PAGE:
Journal of Software: Evolution and Process

Cover image for Vol. 24 Issue 1

January 2012

Volume 24, Issue 1

Pages 1–113

  1. Editorials

    1. Top of page
    2. Editorials
    3. Research Articles
    1. You have free access to this content
      Software: evolution and process A new journal is born (page 1)

      Gerardo Canfora, Darren Dalcher and David Raffo

      Version of Record online: 24 JAN 2012 | DOI: 10.1002/smr.583

  2. Research Articles

    1. Top of page
    2. Editorials
    3. Research Articles
    1. Assigning change requests to software developers (pages 3–33)

      Huzefa Kagdi, Malcom Gethers, Denys Poshyvanyk and Maen Hammad

      Version of Record online: 4 FEB 2011 | DOI: 10.1002/smr.530

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      An approach to recommend a ranked list of expert developers to assist in the implementation of software change (e.g., bug-fix) requests is presented. The key contribution here is the first use of a concept location technique combined with a technique based on Mining Software Repositories (MSR) for this task. The results from three open source systems show that the overall accuracies of the approach are between 47% and 96% for bug reports, and between 43% and 60% for feature requests.

    2. Evaluating testing effectiveness during software evolution: a time-series cross-section approach (pages 35–49)

      Joanne E. Hale and David P. Hale

      Version of Record online: 14 MAR 2011 | DOI: 10.1002/smr.531

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      Department of Information Systems, Statistics and Management Science, The University of Alabama, AL, U.S.A. As software evolution organizations (SEOs) formalize their activities into standard repeatable processes, capability maturity models suggest they gather and analyze data to quantitatively manage their activities. This study examines the use of a time-series cross-section method to inform the quantitative management of the testing activities within a mature SEO. Data for the study comes from readily available, commonly gathered production and testing defect reports in the quantitative measurement efforts of a CMMI-DEV Level-3 assessed software development and evolution organizatio.

    3. Discovering programming rules and violations by mining interprocedural dependences (pages 51–66)

      Ray-yaung Chang and Andy Podgurski

      Version of Record online: 25 FEB 2011 | DOI: 10.1002/smr.532

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      This paper presents a novel approach to discovering implicit programming rules and rule violations in a code base, which integrates static interprocedural analysis and graph mining techniques toidentify both function-call ordering rules and conditional rules that check input parameters or return values of functions. Rules are modeled as graph minors of dependence graphs augmented with edges indicating shared data dependences. The approach employs two innovative algorithms: a greedy one for mining maximal frequent minors from a set of interprocedural dependence spheres and a heuristic minor-matching algorithm for discoveringrule violations.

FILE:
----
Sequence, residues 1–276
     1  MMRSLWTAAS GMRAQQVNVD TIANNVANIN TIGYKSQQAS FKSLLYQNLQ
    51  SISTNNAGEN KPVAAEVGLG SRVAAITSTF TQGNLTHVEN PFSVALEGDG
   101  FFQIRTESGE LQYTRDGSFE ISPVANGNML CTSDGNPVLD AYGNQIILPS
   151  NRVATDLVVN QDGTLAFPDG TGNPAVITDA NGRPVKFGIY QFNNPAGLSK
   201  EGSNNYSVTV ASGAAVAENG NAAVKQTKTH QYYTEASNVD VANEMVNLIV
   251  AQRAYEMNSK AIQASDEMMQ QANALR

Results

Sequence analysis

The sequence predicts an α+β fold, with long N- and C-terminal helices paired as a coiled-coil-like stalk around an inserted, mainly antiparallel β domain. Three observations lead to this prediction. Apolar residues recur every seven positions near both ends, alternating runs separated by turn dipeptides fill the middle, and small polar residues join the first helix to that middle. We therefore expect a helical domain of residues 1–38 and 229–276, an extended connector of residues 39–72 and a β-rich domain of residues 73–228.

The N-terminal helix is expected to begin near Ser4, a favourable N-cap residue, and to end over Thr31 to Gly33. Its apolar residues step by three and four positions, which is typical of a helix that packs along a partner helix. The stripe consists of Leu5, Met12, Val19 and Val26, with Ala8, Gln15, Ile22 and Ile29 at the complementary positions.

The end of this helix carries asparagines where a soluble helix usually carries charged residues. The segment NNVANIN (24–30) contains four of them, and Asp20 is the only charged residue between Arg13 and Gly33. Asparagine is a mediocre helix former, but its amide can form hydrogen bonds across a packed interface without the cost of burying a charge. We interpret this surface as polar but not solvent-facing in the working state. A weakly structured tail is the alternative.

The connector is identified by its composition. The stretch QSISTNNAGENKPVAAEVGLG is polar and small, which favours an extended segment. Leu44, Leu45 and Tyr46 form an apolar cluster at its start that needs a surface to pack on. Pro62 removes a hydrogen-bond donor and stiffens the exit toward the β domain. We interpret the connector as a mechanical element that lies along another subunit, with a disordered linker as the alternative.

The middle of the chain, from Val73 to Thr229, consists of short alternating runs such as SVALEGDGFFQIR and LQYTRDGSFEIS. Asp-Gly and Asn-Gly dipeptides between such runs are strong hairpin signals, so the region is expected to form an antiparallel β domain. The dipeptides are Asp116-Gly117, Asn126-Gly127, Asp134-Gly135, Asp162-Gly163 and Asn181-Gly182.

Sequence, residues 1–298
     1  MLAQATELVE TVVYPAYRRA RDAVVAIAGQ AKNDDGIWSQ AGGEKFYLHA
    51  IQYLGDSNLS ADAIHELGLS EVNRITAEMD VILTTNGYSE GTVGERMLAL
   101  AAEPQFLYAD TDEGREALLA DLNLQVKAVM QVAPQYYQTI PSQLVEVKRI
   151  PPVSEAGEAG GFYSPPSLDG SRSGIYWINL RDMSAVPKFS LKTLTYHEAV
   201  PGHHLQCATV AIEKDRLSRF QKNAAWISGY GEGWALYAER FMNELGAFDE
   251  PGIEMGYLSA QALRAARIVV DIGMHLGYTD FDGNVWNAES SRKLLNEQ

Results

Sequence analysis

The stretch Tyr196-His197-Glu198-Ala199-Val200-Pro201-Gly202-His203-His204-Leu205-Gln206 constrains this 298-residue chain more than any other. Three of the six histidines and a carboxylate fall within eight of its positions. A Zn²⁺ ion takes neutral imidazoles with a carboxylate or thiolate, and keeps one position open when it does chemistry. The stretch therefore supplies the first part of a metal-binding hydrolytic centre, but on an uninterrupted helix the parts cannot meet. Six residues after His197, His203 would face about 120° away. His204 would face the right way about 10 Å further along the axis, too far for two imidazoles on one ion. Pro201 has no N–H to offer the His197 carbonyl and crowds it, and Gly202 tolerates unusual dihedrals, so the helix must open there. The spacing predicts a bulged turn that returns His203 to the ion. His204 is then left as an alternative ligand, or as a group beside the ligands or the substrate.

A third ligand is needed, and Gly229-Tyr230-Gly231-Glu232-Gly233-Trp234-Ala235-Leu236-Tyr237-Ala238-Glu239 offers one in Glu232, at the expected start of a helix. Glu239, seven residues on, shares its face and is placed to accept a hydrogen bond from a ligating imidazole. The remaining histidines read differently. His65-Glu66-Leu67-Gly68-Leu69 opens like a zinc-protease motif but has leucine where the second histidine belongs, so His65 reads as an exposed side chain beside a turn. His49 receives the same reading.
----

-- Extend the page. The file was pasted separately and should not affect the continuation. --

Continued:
4. A demand-driven approach to slicing legacy COBOL systems (pages 67–82)

      Ákos Hajnal and István Forgács

      Version of Record online: 17 MAR 2011 | DOI: 10.1002/smr.533

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      A novel static program slicing approach is proposed in this paper, which is based on context-sensitive token propagation over control flow graphs. Algorithms are presented for data flow and full slicing to calculate precise program slices. Application experiences on industrial-scale COBOL systems are also summarized.

    5. Introduction of a process maturity model for market-driven product management and requirements engineering (pages 83–113)

      Tony Gorschek, Andrigo Gomes, Andreas Pettersson and Richard Torkar

      Version of Record online: 9 MAR 2011 | DOI: 10.1002/smr.535

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      We introduce the Market-driven Requirements Engineering Process Model (MDREPM or uniREPM), aimed at enabling process improvement and process assurance for organizations faced with large amounts of requirements in a market-driven context. The model project is an ongoing endeavor to create and refine a lightweight model usable and useful for low-cost assessment and improvement of the requirements engineering and product management process at companies developing software intensive products.